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Discussion in 'Suits' started by Baron Kurtz, Nov 29, 2011.
Digby Morton 1953:
1942 Utility suit by Digby Morton:
how cool are these buttons ?
I thought this was about men's suits, if you start talking about ladies clothes of the period then you add in another layer of complexity to the cc41 think and clothes rationing as I say in a privious post ,
notice the date at the top of this page (1947)
Dior for one hid his stock of fabric during in the war years, could there have been others!
Ladies & Gentlemen: This CC41 thread is, I believe, generic for both genders - and what a showcase it's already becoming!!.
What a wonderful opportunity of a platform for mutual sharing; education & hopefully collation of this fascinating information, for other's to learn from.
i've read that anecdote in several different versions regarding ways to circumvent austerity restrictions. i can only assume that every man in the country was on to that little trick.
Right - here's a lovely herringbone (navy with read) overcoat for reference material.
Any one thought about looking here :-
The Burton Company archives are held at the West Yorkshire Archive Service in Leeds
An white silk (or more likely, rayon) scarf with a CC41 label (code L109):
New book coming soon. Looks interesting.
I was aware this was coming out as I know the publisher. I see there is a talk by the author on the 14th November. If anyone in London fancies heading down, I might be able to drive them down. Send me a PM if interested.
how cool are these buttons ?
Those are pretty awesome buttons!
I want those buttons!
A new book is being launched soon
Wot ho chums, this weeks Harry & Edna on the Wireless went to the book launch of 'CC41 Utility Clothing' and chatted to the author Mike Brown, you can hear the show online by clicking the link
Has anyone read the book yet?
Thought I would revive this thread having just acquired a dinner jacket with a CC41label. On a related topic can anyone tell me what was utility cloth?
Supposedly a lower grade of cloth, through content, weaving and finishing.
I have three CC41 shirts and collars which were issued to a family member on demobilisation in 1945. I wore them for several years as business wear, and they are still as good as new.
In the 1960s, as a penniless student, I dressed myself in a lot of Utility coats and suits, which in those days were readily available from secondhand clothes shops in the provinces.
In every case, the "low grade" Utility materials were streets ahead in quality and durability compared to anything but the very highest quality stuffs of today.
This is an exaggeration, to be honest.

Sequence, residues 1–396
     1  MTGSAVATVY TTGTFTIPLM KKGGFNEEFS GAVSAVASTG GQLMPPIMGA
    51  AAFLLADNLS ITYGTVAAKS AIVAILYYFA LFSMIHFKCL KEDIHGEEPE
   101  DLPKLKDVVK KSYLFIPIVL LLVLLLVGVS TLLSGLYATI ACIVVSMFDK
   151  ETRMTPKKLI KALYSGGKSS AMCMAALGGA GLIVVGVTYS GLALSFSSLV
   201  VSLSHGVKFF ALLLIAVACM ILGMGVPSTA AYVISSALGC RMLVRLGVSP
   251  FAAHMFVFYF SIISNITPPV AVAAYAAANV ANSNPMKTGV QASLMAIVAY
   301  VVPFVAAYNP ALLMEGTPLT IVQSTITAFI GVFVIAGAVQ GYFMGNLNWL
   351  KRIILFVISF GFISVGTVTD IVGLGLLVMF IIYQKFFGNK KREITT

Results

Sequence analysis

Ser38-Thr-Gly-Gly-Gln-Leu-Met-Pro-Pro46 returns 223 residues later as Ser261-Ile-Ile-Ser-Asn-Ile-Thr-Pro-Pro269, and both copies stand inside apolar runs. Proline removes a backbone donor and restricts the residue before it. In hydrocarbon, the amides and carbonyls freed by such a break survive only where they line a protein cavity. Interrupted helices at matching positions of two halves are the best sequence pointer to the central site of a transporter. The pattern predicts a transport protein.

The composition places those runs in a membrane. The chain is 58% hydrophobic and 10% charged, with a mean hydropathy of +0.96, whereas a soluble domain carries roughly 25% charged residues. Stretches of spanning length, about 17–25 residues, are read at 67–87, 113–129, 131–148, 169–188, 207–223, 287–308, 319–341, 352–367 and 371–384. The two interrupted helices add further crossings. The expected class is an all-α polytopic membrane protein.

Modern fabric of excellent quality can be found and it is much better than the equivalent-grade of the postwar era. Fabric is now softer and less stiff, which makes it more comfortable and less bulky. There are heavy weights available in fine finish so that one has the durability and crease resistance of heavy cloth without the discomfort of bulk and stiffness.
Fabric from CC41 suits was durable but not particularly luxurious by any means. Cloth with much better quality and almost same durability can be found today for very low prices.
The only thing that can not be denied is how awful is fabric in most RTW tailoring nowadays, Lightweight and paper-thin.
I agree. There are plenty of good suiting fabrics out there. I recently have gotten into the P&B Universal bunch from Harrison's - a 16 oz worsted with incredible drape potential. Good wool is out there. It's just pricey, and often not used for RTW production.
Yes, I second that. Good fabric is still produced in heavy weights but OTR industries push customers towards paper-thin "super" fabrics, so that nowadays the golden examples of luxurious suiting are the most fragile and feathery cloths. Think about the Zegna's madness of 15milmil, 14milmil, 13milmil fabrics: they are so expensive and yet so delicate you can't wear anything made with them but a few times per year. And stil Zegna makes a very good OTR cut.
Another factor that prevents OTR industry to use heavier fabric is the modern thing for "all-wheather" clothing - people nowadays seem very reluctant to perform what we usually call "wardrobe seasonal swap" and look for clothes that can be worn indifferently all year round.
It is a matter of fact that denser and heavier fabrics will feel uncomfortable during the heath, so it is just natural that lighter weights are favoured.
I think there is a certain amount of planned obsolescence involved too. The flimsier the "luxury" super wools are, the quicker your suit wears out, and the quicker you buy another one.